Current lessons from an outdated book

2005, the year that YouTube was founded, Facebook was relatively unknown and Myspace dominated the social networking market. It was also the year that Daniel Cohen and Roy Rosenzweig published their book ‘Digital History: a guide to gathering, preserving, and presenting the past on the web’, an introduction to the internet for people working in historic fields who wish to produce online historical work. In the chapter ‘Collecting history online, they bring a guide on using the internet to gather information from the recent past. They say the internet is a two-way street; you can look things up that are interesting to you, but you can also ask people to contribute their knowledge or experiences. This concept is still the same, and even though the internet has changed in many ways, the instructions in this chapter still hold their ground.

 

For example, the paragraph concerning the ways by which you can connect to people and the types of information you can ask for, can still be applied today: by email, instant messaging, starting a blog or a forum, asking for texts or images (now of course also video). They advise you to use existing methods rather than reinventing the wheel, and those methods have only become plentiful and more accessible since the publication of their book.

The advice they give to attract visitors to your website is also still very usable today. The presentation of your website must be good, which can be achieved by having an active and current website with attractive content that triggers people to contribute. Reaching out is also very important; via mass marketing, social networking, or collaborating with other websites or institutions.

To make visitors start contributing to your collection, they must know that their information is treated carefully. Thus gaining the trust of the visitors is also a point of concern in the chapter. By affiliating yourselves with known entities in the real world and having clear legal policies, you can win that trust and start sharing your authority.

 

As current as these arguments are, the irony is that the chapter in general is now outdated. When you look at the websites that served as examples, only two are still active; the website about the original Macintosh, Folklore.org, and the website created by Roy Rosenzweig, 911digitalarchive.org. The Moving Here project seems to have been archived properly, but Voicesofcivilrights.org seems to be the website of a Japanese law firm now. With the help of the Internet Archive, you can see that the original website mentioned in the chapter of the book became some sort of German blog in the second half of 2010. Luckily, thanks to the Internet Archive again, the reactions can still be read. This is not the case for the memory book about Pearl Harbor. There is also no archived page of the memory book. The PDFs of webpages made by the authors to accompany the chapter, probably in case the original page went down, are also subject to disappearance. This raises questions about the life span of a website, the preservation of digital information, and the accessibility of it.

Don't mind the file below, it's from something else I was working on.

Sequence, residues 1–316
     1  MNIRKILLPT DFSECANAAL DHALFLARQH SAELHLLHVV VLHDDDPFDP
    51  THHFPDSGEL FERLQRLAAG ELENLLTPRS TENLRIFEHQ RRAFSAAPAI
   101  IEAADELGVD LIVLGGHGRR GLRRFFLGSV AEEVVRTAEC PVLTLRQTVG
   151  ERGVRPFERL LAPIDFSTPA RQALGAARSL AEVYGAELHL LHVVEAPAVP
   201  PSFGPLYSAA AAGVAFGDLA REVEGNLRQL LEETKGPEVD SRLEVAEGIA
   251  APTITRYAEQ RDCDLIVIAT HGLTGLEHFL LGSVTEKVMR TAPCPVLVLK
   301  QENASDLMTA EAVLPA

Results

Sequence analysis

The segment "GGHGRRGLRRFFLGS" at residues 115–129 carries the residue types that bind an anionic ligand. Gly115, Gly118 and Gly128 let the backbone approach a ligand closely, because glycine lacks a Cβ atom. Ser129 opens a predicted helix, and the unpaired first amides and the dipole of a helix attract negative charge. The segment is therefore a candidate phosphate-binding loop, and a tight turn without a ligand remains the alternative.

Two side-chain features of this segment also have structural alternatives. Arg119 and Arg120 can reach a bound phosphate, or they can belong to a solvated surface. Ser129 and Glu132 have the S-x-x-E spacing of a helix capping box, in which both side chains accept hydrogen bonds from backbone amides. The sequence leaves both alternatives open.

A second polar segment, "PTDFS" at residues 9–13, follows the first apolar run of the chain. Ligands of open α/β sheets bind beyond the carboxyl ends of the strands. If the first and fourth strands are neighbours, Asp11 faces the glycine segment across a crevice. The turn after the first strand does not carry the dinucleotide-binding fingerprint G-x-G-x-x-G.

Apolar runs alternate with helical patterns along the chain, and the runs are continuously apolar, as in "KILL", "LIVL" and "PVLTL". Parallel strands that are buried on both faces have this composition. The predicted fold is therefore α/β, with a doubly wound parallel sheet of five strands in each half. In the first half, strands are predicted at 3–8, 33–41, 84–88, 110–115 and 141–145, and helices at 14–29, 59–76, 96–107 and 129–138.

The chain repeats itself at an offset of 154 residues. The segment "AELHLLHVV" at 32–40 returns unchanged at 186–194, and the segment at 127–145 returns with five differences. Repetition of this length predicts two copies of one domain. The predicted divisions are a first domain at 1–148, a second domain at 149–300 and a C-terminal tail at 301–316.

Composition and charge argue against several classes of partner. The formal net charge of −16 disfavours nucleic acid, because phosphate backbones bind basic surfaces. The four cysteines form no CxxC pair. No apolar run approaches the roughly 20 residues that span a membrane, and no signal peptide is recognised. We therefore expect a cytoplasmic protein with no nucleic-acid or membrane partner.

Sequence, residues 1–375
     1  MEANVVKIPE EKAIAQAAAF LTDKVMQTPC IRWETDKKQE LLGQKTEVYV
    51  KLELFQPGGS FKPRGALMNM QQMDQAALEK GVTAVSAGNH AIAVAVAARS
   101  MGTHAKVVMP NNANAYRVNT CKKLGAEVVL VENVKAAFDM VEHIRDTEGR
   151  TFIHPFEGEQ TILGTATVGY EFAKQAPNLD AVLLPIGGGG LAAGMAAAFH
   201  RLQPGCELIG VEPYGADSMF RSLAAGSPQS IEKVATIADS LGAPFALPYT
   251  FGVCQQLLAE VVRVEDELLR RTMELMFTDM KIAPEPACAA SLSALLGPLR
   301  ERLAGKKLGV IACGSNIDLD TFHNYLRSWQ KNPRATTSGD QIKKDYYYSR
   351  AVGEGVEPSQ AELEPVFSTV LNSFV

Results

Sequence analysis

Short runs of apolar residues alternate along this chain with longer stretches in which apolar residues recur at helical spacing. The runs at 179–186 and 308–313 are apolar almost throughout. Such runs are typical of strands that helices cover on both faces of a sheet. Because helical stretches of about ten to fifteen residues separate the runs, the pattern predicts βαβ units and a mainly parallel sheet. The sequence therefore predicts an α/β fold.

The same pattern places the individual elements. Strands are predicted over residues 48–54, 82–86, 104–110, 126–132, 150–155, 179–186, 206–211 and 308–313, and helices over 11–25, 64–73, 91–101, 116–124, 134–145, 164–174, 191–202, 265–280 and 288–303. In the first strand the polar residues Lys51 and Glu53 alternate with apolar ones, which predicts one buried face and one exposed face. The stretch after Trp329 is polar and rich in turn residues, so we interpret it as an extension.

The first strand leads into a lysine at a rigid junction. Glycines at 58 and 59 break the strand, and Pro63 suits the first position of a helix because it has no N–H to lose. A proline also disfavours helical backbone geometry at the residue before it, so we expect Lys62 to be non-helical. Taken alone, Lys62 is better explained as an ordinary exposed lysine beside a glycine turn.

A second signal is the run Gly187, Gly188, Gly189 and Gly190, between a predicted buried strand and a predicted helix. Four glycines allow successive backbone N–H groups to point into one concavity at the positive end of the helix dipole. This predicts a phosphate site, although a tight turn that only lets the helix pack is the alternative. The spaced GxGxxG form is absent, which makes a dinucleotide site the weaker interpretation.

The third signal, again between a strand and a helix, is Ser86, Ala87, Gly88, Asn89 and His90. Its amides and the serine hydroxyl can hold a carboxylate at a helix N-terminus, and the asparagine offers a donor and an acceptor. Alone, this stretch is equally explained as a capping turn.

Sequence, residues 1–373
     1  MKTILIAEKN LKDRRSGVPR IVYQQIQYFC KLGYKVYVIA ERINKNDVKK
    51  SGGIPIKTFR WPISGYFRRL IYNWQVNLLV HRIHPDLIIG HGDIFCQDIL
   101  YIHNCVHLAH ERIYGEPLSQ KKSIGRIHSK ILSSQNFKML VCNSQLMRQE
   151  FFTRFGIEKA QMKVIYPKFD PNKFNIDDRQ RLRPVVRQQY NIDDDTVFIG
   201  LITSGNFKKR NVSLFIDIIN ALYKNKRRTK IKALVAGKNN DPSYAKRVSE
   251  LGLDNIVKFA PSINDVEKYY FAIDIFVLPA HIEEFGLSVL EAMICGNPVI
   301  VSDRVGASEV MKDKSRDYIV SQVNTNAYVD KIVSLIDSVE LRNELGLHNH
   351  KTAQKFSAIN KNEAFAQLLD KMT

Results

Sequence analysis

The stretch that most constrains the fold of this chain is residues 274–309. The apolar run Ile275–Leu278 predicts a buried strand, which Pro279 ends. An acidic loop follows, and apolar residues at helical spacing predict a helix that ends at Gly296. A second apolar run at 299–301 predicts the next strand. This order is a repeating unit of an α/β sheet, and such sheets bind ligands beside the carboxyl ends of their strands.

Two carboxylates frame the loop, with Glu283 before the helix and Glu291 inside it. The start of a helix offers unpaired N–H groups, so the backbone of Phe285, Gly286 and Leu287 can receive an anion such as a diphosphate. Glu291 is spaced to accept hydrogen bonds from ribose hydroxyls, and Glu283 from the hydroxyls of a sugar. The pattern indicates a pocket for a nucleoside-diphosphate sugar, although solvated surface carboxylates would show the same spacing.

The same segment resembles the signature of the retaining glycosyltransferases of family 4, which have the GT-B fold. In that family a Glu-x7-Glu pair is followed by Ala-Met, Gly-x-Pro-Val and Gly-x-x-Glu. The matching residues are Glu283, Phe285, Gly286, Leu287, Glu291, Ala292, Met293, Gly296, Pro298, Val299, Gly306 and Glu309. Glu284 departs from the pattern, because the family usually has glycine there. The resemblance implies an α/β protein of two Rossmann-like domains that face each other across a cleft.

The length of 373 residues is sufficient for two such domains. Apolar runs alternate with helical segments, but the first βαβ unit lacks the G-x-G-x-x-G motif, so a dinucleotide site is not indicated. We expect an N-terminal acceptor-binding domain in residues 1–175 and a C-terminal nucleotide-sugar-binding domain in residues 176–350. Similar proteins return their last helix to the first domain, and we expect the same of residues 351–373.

These are problems the authors are aware of. In a later part of the book, they talk about the costs and the maintenance involved in keeping a website running. Sometimes there is no money anymore and the website stops, other times the owner loses interest. They also mention the preservation of digital information. They show that technologies become obsolete and that it has been a struggle keeping information readable with new technologies. They however believe that it is viable to preserve everything for posterity. This is something I disagree with. With Belgian historian Fien Danniau’s article in mind, I argue that it is necessary to have some sort of qualitative selection to prevent filling databases with too much information that it becomes unusable. In order to preserve usable data in the future, we must trust archivists to use their knowledge to do their job. In addition to that, I think it is possible to maintain a broader offline archive with less priority on keeping it up-to-date.

A final point I would like to make is the lack of a finished product of these collections, with preserving the information in mind. In my opinion, it would be useful to make some sort of summary of the gathered information at some point, and publish it online, sending it to universities, archives and institutions you’re acquainted with. This way it gets in their systems and the information is hopefully still accessible if your site ever goes down.

 

This book was published ten years ago, but even now it offers points to follow and matters of discussion. As much as digital history is an addition, it’s still a learning process.

Toma Tsuruta

4 thoughts to “Current lessons from an outdated book”

  1. I found Cohen and Rosenzweig very (or better: too) optimistic about the possibilities of the Internet as an archive. Of course, it were the ‘early days’ and everything still seemed possible, but still. As you said, most of the websites don’t exist anymore, or are only accessible via the Internet Archive. Most of them (and their information) are forgotten and ironically enough, that’s exactly what the authors wanted to prevent.
    I completely agree with you that saving everything is impossible (plus it would be lunacy). I only don’t think archivists can predict which information historians of the future will find interesting, even with their expertise. So in the end, when it comes to saving, things won’t be much different than they are today 🙂

  2. I agree with you and Lars re: the need for preselection for any archive and the ironies of this piece. Excellent overview here Toma and great detective work using the Internet Archive to track down the outdated sites.

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